Opinion: Bad governance and rigged elections in Bangladesh

Dhaka, Dhaka Division, Bangladesh Nov 23, 2017, 10.36 AM(IST) Written By: Sarwar Jahan Chowdhury

The next general elections in Bangladesh are expected in the year 2019. Photograph:( AFP )

It’s apparently premature, yet 2019 election talks have already started in Bangladesh and almost surely election fever will grip the country from early next year. There are reasons for this early election enthusiasm and the chief of which is that, the 2014 election was a one-sided affair without BNP, the main Opposition party, and that too with extremely low voter’s turn out. There is interest and urge for a proper election in the general populace, media and civil society.

Under the current circumstances, the vital question though is whether the next one will be an all-inclusive and fair one and whether the incumbent Awami League (AL) is ready for that. It seems that the main Opposition, although out of the parliament now, Bangladesh Nationalist Party (BNP) will participate in the next election with or without a neutral caretaker government, upon the demand of which they boycotted the last one. But, if there is another one-sided election or if a rigged election is on the cards, what will be the outcome of that domestically and internationally?

BNP tried to launch a popular agitation after 2014, sometimes with violence, but the AL government shrewdly suppressed it.
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Awami League’s political legitimacy in its second of these two consecutive terms came under scrutiny because of the questionable validity of the 2014 election. Many analysts have commented that there is a sense of a lack of accountability and bad governance, stemming from that dubious mandate. BNP tried to launch a popular agitation after 2014, sometimes with violence, but the AL government shrewdly suppressed it.

BNP learned the limit of its cadre power and now a tamed BNP is looking forward to the election and its political survival. Although the BNP still seems to have a considerable popular base, it failed due to its organisational and motivational weakness, to bring people on the streets and organise mass agitation to force the government for an early or midterm poll. AL political cadres on the streets and the police together suppressed their attempt fairly easily.

In Bangladesh, people are more concerned now about a proper election first and then it’s possible outcome.
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But in Bangladesh, people are more concerned now about a proper election first and then about it’s outcome. Performance wise, the AL government, by and large, maintained the momentum of moderate economic growth that had been there in Bangladesh for the last couple of decades. It delivered, in a big way, on its election promise of completing the trial of the war criminals of 1971 and, in the process, the leadership of the Jamaat-e-Islami. Thus, a considerable political force and ally of BNP was eliminated. This party is also in disarray and it seems unlikely that they will be participating in the next election pending a possible ban on them.

The AL government came hard on the radical Islamists fractions in Bangladesh after the July terror attack in Dhaka in 2016. The government tends to project itself to the West and India as the true demolisher of Islamic radicalism in Bangladesh. However, it’s not clear whether the key western countries upon whom Bangladesh’s vital exports depend will accept another 2014 style one-sided election.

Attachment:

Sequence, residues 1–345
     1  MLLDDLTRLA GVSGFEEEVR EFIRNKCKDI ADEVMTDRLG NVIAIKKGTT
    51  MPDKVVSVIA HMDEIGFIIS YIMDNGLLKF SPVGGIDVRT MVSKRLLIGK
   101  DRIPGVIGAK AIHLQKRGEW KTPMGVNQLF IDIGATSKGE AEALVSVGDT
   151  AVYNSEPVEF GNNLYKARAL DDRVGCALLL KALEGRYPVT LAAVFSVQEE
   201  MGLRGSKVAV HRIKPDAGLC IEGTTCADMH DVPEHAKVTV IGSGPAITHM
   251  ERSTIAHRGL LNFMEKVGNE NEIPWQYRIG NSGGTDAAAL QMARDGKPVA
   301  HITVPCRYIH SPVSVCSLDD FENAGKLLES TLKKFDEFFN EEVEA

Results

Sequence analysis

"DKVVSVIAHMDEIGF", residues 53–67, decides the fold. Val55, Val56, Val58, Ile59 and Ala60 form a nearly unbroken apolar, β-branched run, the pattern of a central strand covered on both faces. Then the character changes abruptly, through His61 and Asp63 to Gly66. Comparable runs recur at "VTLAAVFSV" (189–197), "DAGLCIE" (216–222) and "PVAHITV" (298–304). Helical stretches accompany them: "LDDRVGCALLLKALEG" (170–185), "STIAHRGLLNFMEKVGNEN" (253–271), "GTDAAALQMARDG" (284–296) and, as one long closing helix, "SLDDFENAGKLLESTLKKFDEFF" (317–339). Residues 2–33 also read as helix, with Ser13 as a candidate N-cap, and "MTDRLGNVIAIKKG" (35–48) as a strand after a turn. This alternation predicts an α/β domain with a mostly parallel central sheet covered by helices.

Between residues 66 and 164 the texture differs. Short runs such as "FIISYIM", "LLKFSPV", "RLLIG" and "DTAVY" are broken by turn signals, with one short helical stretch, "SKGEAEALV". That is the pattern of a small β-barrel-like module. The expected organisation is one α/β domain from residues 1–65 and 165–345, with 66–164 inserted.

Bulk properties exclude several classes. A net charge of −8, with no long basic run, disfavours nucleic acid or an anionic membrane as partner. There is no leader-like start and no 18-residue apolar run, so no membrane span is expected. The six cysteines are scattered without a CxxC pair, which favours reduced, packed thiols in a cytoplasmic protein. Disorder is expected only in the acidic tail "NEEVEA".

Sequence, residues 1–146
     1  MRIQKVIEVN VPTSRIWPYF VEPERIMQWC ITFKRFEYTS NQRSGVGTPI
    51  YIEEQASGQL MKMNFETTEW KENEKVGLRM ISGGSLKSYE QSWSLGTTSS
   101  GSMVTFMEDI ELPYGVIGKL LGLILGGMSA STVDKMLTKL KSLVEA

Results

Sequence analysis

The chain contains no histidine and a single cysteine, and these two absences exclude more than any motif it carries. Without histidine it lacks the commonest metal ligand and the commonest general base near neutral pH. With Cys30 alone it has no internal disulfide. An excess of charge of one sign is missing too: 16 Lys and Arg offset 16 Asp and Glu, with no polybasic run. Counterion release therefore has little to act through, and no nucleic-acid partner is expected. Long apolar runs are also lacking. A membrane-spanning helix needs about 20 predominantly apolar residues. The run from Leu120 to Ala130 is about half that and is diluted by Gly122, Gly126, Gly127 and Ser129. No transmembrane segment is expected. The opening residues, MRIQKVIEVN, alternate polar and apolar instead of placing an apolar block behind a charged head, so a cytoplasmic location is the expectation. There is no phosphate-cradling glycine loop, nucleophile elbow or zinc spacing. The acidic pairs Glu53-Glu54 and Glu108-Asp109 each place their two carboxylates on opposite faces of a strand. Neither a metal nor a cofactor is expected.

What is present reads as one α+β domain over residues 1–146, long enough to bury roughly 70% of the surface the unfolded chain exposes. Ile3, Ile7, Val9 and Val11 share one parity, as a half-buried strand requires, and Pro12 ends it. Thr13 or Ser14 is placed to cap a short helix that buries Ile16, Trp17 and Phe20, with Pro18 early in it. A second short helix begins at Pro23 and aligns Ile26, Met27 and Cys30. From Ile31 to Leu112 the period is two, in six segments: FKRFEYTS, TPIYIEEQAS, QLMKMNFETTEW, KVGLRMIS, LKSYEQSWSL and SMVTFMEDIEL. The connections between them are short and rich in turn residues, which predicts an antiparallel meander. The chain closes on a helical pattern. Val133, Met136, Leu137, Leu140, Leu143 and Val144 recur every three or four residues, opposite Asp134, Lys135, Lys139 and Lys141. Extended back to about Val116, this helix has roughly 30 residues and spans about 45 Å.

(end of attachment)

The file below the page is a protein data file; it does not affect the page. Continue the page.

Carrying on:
BNP meanwhile was trying to convince the West and India that it’s not sympathetic to Islamic radicals, and there is no danger of the spread of Islamic militancy if they come to power. It also tries to assure India that if it comes to power in Bangladesh insurgents of India’s northeast will have no passage or sanctuary in Bangladesh. BNP believes that Indian support helped the post-2014 AL government to gain recognition in the international arena.

Bangladesh is in incertitude now and its pretty difficult to predict the country’s political course.
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Bangladesh is in incertitude now and its pretty difficult to predict the country’s political course. If there are enough genuine pressure from the EU, US, Gulf countries and, at least, a neutrality from India the Bangladesh government might have to shed any possibility of one-sided or rigged election. In that case, the government will be forced to negotiate with the Opposition to facilitate a free and fair election.

If the mentioned pressure is low from the quartet the probability of one-sided or rigged election might be on the cards. It’s tough to predict what happens in case of a divided quartet. The danger would be heightened if there is no negotiation between the government and Opposition. In such scenario, the AL might have no other way but to try to cling on to power at any cost as they would fear hostile reprisal from much oppressed BNP in any possibility of the latter’s coming to power. But if the AL try this and fail, the fall could be big and costly. Bangladesh has a bloody and tumultuous past.

Such uncertainty is bad for a reasonably large country of 165 million that has high potential under a stable condition. There could also be some considerable spillover effect in the region in case things go grossly wrong in Bangladesh. The commoners in Bangladesh expect that all key stakeholders should apply their prudence and good judgment for the greater and collective well being the country and its people.

(Disclaimer: The author writes here in a personal capacity).

Sarwar Jahan Chowdhury

Sarwar Jahan Chowdhury is Head of Operations at BRAC Institute of Governance and Development, Bangladesh.